Green Tea Cake Roll Recipe

Green Tea Cake Roll Recipe  Recipe

Cake rolls, as the name implies, are cakes that are spread with jelly or buttercream and then rolled into logs. The French name is roulade. For this recipe, I decided to use matcha green tea because of its very delicate flavor. It also gives the cake (called génoise in French) a beautiful jade green color. I filled and covered the cake with vanilla butter-cream and kept the flavors appropriately Zen in their simplicity.

Matcha green tea is fairly expensive and has a very short shelf life, so once the box is unsealed, consume it fast. Enjoy it as is with hot water or flavor your favorite desserts with the green tea powder. I had a little less than one tablespoon left in the tin. I think I had made pretty good use of it with desserts such as Vietnamese agar agar desserts, tea lattés, crème brulées and ice cream.

Green Tea Cake Recipe with Picture


Yields: 10 servings

6 eggs
2-½ cups powdered sugar
1 teaspoon pure almond extract
1 tablespoon matcha green tea powder
1 cup all-purpose flour
¼ cup potato flour
½ teaspoon salt
3/4 teaspoon baking powder
2 teaspoons vegetable oil
12 tablespoons unsalted butter, softened to room temperature
12 ounces cream cheese, softened to room temperature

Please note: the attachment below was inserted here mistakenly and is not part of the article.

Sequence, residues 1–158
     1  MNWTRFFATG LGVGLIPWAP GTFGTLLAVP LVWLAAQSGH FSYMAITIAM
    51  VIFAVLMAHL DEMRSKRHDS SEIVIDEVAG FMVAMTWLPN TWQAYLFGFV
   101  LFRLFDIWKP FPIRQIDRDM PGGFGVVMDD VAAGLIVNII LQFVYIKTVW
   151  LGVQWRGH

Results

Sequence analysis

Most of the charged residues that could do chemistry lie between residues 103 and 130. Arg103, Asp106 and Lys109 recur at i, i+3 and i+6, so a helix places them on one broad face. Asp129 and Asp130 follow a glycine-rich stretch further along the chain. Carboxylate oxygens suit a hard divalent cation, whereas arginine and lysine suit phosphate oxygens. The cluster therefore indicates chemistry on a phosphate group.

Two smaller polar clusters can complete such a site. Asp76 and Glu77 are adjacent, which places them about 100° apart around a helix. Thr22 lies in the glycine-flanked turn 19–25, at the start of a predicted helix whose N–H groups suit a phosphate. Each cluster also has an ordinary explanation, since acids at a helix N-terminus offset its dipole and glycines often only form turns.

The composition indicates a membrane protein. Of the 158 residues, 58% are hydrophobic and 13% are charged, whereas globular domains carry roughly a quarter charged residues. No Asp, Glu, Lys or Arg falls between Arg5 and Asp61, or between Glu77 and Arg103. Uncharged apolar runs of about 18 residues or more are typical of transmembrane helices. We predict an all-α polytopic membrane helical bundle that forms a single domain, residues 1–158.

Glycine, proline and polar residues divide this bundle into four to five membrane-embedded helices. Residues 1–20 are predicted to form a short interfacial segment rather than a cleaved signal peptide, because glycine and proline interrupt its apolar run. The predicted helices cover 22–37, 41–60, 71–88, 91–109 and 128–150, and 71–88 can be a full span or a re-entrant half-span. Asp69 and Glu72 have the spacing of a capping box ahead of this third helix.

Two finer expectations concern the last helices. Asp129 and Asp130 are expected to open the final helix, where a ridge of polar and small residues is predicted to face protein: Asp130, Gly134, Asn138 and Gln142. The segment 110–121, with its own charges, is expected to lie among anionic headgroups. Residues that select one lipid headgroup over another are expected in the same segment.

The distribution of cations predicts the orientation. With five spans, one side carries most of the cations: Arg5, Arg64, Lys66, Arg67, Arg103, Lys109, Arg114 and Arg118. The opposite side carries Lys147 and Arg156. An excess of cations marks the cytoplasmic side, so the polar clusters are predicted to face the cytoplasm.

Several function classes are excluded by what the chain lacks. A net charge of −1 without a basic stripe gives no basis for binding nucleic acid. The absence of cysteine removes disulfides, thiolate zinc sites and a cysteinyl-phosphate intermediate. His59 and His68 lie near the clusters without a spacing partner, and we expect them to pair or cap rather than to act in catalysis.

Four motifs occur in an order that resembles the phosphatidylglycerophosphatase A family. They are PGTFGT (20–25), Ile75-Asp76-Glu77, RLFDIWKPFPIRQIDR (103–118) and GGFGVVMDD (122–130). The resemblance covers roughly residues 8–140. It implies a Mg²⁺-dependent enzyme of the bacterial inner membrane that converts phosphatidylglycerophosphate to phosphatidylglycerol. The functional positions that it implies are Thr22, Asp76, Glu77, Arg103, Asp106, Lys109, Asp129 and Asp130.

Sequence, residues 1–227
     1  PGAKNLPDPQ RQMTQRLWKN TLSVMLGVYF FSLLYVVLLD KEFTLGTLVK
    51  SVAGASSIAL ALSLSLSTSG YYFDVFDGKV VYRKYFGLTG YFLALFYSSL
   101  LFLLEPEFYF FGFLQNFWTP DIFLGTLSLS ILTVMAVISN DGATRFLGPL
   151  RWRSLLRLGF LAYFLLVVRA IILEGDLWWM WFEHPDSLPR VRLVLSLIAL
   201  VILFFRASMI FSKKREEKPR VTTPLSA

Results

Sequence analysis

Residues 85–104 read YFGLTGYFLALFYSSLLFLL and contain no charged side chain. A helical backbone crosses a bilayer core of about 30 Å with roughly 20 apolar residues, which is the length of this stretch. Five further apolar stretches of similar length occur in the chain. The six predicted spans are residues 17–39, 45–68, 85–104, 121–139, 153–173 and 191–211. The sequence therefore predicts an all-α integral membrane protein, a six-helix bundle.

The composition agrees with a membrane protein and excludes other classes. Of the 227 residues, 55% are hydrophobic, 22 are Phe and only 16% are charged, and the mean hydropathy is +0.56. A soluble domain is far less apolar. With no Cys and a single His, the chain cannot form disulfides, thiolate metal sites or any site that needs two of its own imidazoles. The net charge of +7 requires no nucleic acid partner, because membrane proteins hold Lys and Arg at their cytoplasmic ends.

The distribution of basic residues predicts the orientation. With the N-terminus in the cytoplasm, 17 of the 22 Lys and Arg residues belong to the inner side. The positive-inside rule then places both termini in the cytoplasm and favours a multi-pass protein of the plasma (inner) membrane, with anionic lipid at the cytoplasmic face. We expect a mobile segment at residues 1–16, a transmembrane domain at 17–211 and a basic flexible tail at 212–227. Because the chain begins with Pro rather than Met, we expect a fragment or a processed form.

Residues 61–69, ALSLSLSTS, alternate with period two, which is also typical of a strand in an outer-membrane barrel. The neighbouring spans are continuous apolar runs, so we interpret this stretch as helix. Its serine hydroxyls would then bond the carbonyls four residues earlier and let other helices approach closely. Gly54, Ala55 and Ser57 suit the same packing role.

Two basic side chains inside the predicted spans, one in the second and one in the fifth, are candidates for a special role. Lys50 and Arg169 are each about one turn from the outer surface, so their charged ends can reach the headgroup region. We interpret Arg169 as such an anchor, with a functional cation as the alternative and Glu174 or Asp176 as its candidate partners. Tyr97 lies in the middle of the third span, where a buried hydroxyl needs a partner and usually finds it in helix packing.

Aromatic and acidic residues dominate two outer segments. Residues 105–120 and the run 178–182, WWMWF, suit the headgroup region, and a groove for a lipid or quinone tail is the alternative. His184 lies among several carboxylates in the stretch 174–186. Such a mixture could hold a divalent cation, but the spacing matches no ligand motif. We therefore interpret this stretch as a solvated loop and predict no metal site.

1 teaspoon pure vanilla extract
¼ cup vanilla-flavored soymilk (or regular milk)
¼ cup sweetened condensed milk
1 cup store-bought candied nuts, coarsely chopped into large chunks (for garnish)
12 Guittard vanilla chips (optional), for garnish
2 teaspoons green-colored sugar, for garnish


For the matcha green tea génoise:

Preheat the oven to 375°F.

Separate the egg yolks from the whites.

In a mixing bowl, beat the egg yolks with 1 cup powdered sugar until you get a pale yellow foam; the texture of the egg yolk will be thicker. Add the almond extract.

In a separate bowl, combine the flour, potato flour and baking powder. Sift the dry ingredients.

Combine the egg yolk mixture, dry ingredients, 6 tablespoons butter and matcha tea powder.

In another bowl, add salt to the egg whites and whisk for about 2 minutes at low speed.  Add  ½ cup powdered sugar, increase the speed of your mixer and keep beating for another 2-3 minutes until it forms soft peaks. Don't over-beat or the texture will become grainy.

Using a silicone spatula, mix 1/3 of the whipped egg whites into the egg yolk mixture to soften it. Add the rest of the whipped egg whites and gently fold them in to get an airy batter.

Apply a thin layer of oil to a non-stick jelly roll pan, previously lined with parchment paper. Pour the génoise batter; even it out using a spreader. Bake for 5 minutes at 375°F; lower the temperature to 350°F and bake for another 5-7 minutes. The texture of the génoise should be very soft.

Allow to cool for about 15 minutes. Cover the génoise with another piece of parchment (make sure it's much larger than the size of the jelly roll pan), place another baking sheet or flat board on top and invert the cake. Remove the still-warm baking sheet, gently remove and discard the old parchment paper and replace it with a large kitchen towel. Roll the cake with the towel and form a log. Let the cake cool completely (while preparing the butter-cream ).

For the vanilla butter-cream:

In a bowl, sift the remaining powdered sugar.